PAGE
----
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February 14, 2011
February 18, 2011
March 07, 2011
If you missed the Emmy’s (what’s up with Kevin Spacey NOT winning for his role in House of Cards?), here are the top takeaways from education’s own big awards ceremony—the Policy Innovators in Education Network’s Eddies—and rest of the PIE Network meeting.
1. Massachusetts’ education-reform community is gearing up for a big fight to lift the arbitrary charter school cap, something Fordham supports, especially in light of the latest CREDO study. This legislative session might be the year it happens, thanks to a strong coalition led by Stand for Children Massachusetts and the Massachusetts Business Alliance for Education.
2. A+ Education Partnerships, a PIE Network group that won the award for “best ensemble cast” (as did Advance Illinois) launched Alabama Graduate Ready Impact Tomorrow (GRIT). GRIT is doing a ton of great work in the Heart of Dixie. From defending the Common Core to fighting for school choice, the GRIT team is a group to watch, as is A+ Education Partnership. They just may be up for the Game Changer award next year.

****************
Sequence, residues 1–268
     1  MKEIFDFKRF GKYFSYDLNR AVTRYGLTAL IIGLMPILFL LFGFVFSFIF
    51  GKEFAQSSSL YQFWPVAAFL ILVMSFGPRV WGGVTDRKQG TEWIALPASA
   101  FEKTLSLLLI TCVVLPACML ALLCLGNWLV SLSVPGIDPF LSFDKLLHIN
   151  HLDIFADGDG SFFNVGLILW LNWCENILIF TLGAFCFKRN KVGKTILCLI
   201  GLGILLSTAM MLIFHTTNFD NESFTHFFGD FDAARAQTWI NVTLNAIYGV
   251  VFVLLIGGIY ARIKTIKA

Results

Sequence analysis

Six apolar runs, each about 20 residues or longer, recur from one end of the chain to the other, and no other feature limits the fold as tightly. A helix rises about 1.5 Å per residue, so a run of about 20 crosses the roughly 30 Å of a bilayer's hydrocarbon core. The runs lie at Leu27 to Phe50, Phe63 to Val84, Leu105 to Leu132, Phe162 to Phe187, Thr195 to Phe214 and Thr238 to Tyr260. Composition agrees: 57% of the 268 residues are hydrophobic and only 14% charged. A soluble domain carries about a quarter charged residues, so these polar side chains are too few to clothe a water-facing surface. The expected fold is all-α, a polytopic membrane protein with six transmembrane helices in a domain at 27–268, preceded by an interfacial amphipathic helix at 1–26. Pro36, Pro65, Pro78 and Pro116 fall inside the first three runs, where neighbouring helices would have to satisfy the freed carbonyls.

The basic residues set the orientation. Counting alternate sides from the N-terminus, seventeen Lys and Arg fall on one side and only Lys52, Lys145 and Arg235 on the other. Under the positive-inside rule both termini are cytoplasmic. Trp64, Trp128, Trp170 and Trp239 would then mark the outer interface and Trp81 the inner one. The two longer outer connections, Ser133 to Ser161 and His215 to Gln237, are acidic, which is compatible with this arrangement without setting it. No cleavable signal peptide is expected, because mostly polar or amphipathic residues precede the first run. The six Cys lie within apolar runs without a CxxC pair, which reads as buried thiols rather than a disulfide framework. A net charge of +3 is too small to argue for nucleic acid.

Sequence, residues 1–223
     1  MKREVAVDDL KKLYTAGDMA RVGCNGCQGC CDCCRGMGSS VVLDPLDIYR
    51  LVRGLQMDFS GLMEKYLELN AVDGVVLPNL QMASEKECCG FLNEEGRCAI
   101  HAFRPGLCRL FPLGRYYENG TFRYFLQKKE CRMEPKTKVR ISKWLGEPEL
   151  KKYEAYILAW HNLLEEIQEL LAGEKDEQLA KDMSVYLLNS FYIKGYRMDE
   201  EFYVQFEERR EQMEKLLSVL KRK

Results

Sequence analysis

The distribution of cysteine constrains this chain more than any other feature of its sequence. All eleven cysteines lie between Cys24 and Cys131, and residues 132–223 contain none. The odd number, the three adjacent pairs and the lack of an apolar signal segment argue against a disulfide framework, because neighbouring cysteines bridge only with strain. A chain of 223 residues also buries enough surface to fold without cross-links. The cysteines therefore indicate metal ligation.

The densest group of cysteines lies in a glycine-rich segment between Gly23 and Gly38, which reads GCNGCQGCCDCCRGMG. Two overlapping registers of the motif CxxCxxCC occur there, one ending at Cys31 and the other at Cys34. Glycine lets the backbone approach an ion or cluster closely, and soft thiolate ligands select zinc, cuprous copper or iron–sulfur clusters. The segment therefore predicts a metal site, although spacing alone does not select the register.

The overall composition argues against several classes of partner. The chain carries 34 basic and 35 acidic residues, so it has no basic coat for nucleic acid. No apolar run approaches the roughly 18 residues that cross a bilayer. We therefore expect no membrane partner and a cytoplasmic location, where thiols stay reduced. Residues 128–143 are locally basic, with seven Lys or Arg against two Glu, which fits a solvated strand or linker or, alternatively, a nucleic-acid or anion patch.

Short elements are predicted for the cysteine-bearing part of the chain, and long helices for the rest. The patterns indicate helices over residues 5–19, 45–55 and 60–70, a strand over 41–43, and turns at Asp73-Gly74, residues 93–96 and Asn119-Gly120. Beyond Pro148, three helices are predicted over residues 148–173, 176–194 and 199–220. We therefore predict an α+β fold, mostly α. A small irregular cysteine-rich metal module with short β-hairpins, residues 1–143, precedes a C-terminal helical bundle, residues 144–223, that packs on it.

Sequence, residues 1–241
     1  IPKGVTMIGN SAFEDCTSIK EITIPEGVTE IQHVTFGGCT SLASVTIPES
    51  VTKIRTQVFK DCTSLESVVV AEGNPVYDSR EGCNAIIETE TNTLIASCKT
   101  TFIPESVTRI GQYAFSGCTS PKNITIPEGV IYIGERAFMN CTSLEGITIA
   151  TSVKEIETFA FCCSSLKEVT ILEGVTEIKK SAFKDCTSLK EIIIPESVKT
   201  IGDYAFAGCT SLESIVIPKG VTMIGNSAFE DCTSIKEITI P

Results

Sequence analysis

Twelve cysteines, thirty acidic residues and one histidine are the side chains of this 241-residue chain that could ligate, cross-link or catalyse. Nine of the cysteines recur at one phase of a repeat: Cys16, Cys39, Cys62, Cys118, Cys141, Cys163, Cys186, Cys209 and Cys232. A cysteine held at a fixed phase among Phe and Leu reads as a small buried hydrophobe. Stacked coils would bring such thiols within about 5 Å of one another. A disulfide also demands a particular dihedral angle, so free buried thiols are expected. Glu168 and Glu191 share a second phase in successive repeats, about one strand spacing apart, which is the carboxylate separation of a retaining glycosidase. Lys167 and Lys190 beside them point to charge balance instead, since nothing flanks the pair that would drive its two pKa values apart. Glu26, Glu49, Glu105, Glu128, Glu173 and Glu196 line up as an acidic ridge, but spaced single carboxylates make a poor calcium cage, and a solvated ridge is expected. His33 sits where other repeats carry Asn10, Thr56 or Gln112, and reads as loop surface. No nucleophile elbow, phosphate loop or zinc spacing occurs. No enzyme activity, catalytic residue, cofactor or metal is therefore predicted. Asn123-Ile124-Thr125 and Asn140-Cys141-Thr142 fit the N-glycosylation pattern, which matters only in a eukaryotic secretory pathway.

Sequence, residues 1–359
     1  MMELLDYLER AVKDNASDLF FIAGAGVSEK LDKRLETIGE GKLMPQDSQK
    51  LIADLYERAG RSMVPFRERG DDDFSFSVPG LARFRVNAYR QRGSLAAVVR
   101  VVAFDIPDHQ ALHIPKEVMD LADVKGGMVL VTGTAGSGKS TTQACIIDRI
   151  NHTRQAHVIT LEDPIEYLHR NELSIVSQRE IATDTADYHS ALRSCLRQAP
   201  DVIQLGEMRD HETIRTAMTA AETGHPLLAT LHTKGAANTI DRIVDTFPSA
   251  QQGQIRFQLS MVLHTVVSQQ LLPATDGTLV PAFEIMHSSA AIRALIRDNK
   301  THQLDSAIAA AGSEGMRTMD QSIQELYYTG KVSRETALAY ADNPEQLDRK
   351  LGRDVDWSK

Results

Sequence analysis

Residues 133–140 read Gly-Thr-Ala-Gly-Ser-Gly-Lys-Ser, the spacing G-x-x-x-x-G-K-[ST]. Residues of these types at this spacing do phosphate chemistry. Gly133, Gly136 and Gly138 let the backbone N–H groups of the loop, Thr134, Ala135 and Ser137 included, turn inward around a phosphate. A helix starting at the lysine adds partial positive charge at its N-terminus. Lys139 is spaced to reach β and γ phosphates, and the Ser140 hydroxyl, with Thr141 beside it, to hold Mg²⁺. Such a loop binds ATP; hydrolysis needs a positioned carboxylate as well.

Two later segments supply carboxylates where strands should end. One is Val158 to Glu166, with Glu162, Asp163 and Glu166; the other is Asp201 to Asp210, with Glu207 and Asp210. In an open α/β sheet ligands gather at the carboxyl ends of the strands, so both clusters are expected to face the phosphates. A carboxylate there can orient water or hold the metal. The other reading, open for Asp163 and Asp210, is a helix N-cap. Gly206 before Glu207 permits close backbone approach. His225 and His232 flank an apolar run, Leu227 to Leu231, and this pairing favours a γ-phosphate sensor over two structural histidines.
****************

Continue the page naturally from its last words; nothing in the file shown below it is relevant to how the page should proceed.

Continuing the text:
3. Humor and education reform should go hand-in-hand. My favorite jokes from the PIE Net team included calling for Michael Petrilli to write a book about diverse schools and calling for Rick Hess to leave AEI to be a superintendent in a wealthy suburb (#cagebusting).
4. Suzanne Tacheny Kubach, PIE Network’s executive director, rocks. She’s an excellent writer and communicator, asking tough questions of panelists. If you’re not familiar with her work, read her thoughts on Common Core messaging.
5. Fordham’s own Michael Petrilli won the MVP award (and rumor has it that several different folks nominated him). Without too much back patting, I’ll just say that the entire Fordham team is thrilled and honored.
6. The biggest disappointment was the absence of the Tennessee SCORE team. They stayed home to defend the Common Core. (A worthy cause, but still…)
7. Jokes aside, the conference reiterated the serious work ed-reformers must do going forward. And much of that work is about content knowledge—for students and teachers. The Common Core will prosper or wither during implementation. Teachers must have the content knowledge to make CCSS work. Do they have it? What can ed-reformers do to ensure that teacher-prep programs are training our future teachers well?
As always, you can check out the snarky conversation on Twitter: #PieSummit13